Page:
manding needs of cellular telephony uses ideas that so far had it is wiser to spend the available power budget on an ADC
only been explored by university researchers: low IF, which with adequate dynamic range and bandwidth, and process the
in the case of GSM was shown to offer clear advantages over waveforms from then onwards in a dense digital signal flow
zero IF in the analog sections [27], [63], and high levels of with adequate wordlength.
integration which fully exploit the on-chip digitally activated This means that the received waveform should be digitized
correction enabled by analog switches in CMOS. Lingering as early on as possible. In the limit, this would mean an ADC at
doubts about the fitness of CMOS radios for mass production the antenna with sufficiently high conversion rate and dynamic
because they might suffer from large process spreads and mar- range to capture the weak desired signal and all the strong un-
ginal RF performance were put to rest when it is realized that wanted signals passing the antenna preselect filter. A literal im-
ABIDI: RF CMOS COMES OF AGE 559

plementation requires a heroic ADC sampling and digitizing at


rates exceeding twice the highest RF of interest [64], which is
well out of reach in the next several years. A more careful look
at the problem shows that this literal interpretation is grossly ex-
cessive for the problem at hand, because it requires the digitizing
an array of channels of wildly varying strengths when we are
only interested in one, very likely weak, bandpass channel. We
are constrained in our thinking by our experience with single-
channel baseband receivers, where a low-pass antialias filter
blocks out-of-band signals and noise, requiring the ADC to deal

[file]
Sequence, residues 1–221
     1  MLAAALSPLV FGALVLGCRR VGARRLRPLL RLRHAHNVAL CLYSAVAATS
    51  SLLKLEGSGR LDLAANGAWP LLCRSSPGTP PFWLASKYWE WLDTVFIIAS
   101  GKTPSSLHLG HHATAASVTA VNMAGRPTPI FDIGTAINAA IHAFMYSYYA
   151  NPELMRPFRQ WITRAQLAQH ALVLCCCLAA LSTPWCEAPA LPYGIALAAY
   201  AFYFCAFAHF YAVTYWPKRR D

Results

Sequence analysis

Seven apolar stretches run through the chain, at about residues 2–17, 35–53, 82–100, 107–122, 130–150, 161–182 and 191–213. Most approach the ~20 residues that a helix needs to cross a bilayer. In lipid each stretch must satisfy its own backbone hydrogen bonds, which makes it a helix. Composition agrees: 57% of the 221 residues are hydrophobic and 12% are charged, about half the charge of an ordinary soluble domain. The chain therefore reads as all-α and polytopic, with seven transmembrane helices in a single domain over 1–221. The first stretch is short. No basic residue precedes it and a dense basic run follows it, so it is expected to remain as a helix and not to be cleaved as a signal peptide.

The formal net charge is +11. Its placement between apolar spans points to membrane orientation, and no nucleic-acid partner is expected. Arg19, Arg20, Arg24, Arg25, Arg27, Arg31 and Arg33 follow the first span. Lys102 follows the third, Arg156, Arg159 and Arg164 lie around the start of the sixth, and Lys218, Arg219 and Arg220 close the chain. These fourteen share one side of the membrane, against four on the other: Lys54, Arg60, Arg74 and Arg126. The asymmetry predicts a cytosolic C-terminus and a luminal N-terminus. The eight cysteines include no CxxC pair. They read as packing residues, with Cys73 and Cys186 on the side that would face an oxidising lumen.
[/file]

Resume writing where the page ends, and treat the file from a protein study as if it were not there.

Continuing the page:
only with the signal of interest and its in-band noise.
The correct way to extend this to RF requires that adjacent
channels and wideband noise be suppressed prior to sampling
the waveform [12]. This is exactly how digital receivers
in basestations work [65]. The entire band of interest is
block-downconverted to a convenient IF, where a surfacce
acoustic wave (SAW) bandpass filter passes all the channels
in the band. An ADC digitizes the entire band, and from then
on all channels are processed in the digital domain. The SAW
filter acts like a bandpass antialias filter.
The situation in the mobile handset is different. First, there Fig. 20. Possible front-end for a software-definable wireless receiver. The
is no need to receive all the channels in a band simultaneously: functions enclosed in the dashed box narrow in on a carrier frequency and
a channel bandwidth, while suppressing adjacent channels. The input to the
only one channel is of interest. Second, the SAW filter must be optional VGA is a series of discrete-time samples at baseband (or at low IF),
eliminated, because it adds to the BOM and it is customized to which are digitized by the ADC.
one band, and cannot service the multiple bands and modes that
a modern handset is required to support [53]. Therefore, what is
required is a programmable method to realize finite-impulse re- onymous with radio frequency circuits; then a relative decline
sponse (FIR)-like filtering to narrow in on a band of interest and when RF circuits disappeared from electronics curricula and be-
suppress aliases internally before sampling (Fig. 20). A synthe- came a black art with only a few practitioners, while baseband
sized clock frequency can direct this mostly digital receiver to data communications drove the microelectronics revolution; and
narrow in on any band within a large frequency range, and any then the second epoch, starting in the early 1990s with the dig-
reasonable channel bandwidth. ital cellular telephone and continuing today. It is in this second
Texas Instruments has developed a mainly digital Bluetooth epoch that the CMOS mixed-signal philosophy and technique